If you’re from a state where the scenery looks very much like a watercolor painting, it’s almost mandatory that any music coming out of such locations should translate the same type of imagery. Enter Blue Lane Frontier, a five piece from Fort Collins, Colorado, whose latest release, 2016’s No Big Fuss, does just that.
Featuring 12 tracks reminiscent of songs released by Gainesville, FL based No Idea Records back in the early 2000’s, Blue Line Frontier find kindred spirits in bands like Lemuria, Fifth Hour Hero and even the early stages of Against Me. However, the band still delivers a captivating sound that proves it’s possible to use musical inspiration yet remain solely individual.
Keyboardist Emily Vavra described the band as “Indie-folk-whatever the hell you wanna call it”, and after hearing both No Big Fuss and their earlier EP Courtyard, it’s an analysis that’s hard to argue against. Pairing overly intelligent lyrics with a “trail mix” of up tempo styles ranging from rock to folk, Blue Lane Frontier are a musical conundrum (but in the best way possible).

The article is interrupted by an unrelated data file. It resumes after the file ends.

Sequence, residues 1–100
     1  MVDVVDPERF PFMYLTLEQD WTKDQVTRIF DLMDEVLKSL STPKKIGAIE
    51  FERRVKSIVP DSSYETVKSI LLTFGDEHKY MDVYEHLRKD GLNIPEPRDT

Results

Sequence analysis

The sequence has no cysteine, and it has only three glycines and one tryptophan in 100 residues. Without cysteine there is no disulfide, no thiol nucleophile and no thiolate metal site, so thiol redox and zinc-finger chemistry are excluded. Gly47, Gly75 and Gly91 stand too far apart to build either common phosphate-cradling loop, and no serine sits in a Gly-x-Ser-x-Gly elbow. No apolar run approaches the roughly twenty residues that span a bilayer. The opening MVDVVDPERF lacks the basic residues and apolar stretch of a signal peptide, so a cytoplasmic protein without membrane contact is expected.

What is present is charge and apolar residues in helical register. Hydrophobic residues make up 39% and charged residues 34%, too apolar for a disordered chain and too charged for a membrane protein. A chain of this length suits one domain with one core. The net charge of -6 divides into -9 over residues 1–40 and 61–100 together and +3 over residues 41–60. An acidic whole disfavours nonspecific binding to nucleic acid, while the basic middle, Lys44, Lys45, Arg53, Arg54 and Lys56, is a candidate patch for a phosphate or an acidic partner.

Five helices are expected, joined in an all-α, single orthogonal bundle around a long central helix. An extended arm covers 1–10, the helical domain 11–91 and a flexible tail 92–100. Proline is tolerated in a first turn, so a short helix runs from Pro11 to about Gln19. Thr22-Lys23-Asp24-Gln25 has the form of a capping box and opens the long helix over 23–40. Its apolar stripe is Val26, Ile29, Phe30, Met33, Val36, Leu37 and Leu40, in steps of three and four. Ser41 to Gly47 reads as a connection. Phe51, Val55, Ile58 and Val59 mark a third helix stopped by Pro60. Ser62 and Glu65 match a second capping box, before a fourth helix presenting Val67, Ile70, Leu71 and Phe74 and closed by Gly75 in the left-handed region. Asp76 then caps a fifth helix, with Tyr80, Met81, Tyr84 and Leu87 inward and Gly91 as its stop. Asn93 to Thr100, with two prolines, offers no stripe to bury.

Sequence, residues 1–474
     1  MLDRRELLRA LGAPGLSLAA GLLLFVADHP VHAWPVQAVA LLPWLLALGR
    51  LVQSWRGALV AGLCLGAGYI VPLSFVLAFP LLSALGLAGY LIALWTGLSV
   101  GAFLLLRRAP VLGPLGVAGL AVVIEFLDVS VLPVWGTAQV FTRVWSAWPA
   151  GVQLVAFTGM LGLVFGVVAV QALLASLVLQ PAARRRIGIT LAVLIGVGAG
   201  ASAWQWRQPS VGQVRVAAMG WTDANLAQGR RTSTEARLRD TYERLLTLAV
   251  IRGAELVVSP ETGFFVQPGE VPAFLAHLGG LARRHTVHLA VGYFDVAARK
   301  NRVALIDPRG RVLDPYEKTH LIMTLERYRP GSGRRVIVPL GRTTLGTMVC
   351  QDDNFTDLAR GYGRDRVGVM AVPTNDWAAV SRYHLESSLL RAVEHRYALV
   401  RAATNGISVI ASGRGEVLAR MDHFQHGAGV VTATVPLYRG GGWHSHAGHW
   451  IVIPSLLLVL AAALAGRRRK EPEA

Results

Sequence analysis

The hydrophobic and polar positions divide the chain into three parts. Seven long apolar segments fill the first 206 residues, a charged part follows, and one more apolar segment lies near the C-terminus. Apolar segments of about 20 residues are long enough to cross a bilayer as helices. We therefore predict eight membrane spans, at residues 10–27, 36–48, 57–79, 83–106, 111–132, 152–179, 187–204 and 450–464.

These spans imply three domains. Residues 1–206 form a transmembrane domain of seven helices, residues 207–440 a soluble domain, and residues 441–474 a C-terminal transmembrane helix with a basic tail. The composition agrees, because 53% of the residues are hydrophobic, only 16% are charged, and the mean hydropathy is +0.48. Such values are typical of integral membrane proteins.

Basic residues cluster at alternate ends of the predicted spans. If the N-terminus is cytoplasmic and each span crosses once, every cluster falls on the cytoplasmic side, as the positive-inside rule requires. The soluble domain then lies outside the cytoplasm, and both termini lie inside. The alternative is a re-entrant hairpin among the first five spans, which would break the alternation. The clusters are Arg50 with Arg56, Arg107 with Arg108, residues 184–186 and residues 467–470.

From the slightly off harmony vocals on the in-your-face ‘Squirrel’, to the bass heavy, chest beating track ‘Jack’s Smirking Revenge’, Blue Lane Frontier makes it difficult to pinpoint any lone influence. Instead they offered change after beautiful change through 12 mostly fun and playful tracks, while still managing,at times, to captivate my inner soul. The elegantly sung ‘North Twin Waltz’, in particular, literally prompted the goose bumps to rise on both my arms as I was taken by my favorite line of the album;
“Puzzle piece underneath buried into the soft shore / Wading deeper and deeper I lose my sure footing / Rush back to your weathered chair, bury my face in your hair Chestnut curls keep me warm”
The album forges on with ‘Robert Fulton’s Monster’; a track that rocks like Straylight Run, while ‘Much Thanks’ hits so hard it would make Gunmoll or Hot Water Music proud.
The album ends with the wonderful ‘Lucille’; a soft hearted piece dedicated to a former neighbour who, after losing her hearing, refused to give up singing the songs she loved despite her tone deaf renditions.
In the 45 minutes I spent listening to this album, my emotions changed as much as Blue Lane Frontier change styles; constantly. From happy and heartfelt, to hopeful and entertained. My only complaint is that title is incredibly unfitting; No Big Fuss should actually be considered a really, really big one.
No Big Fuss is out now via the band’s official bandcamp.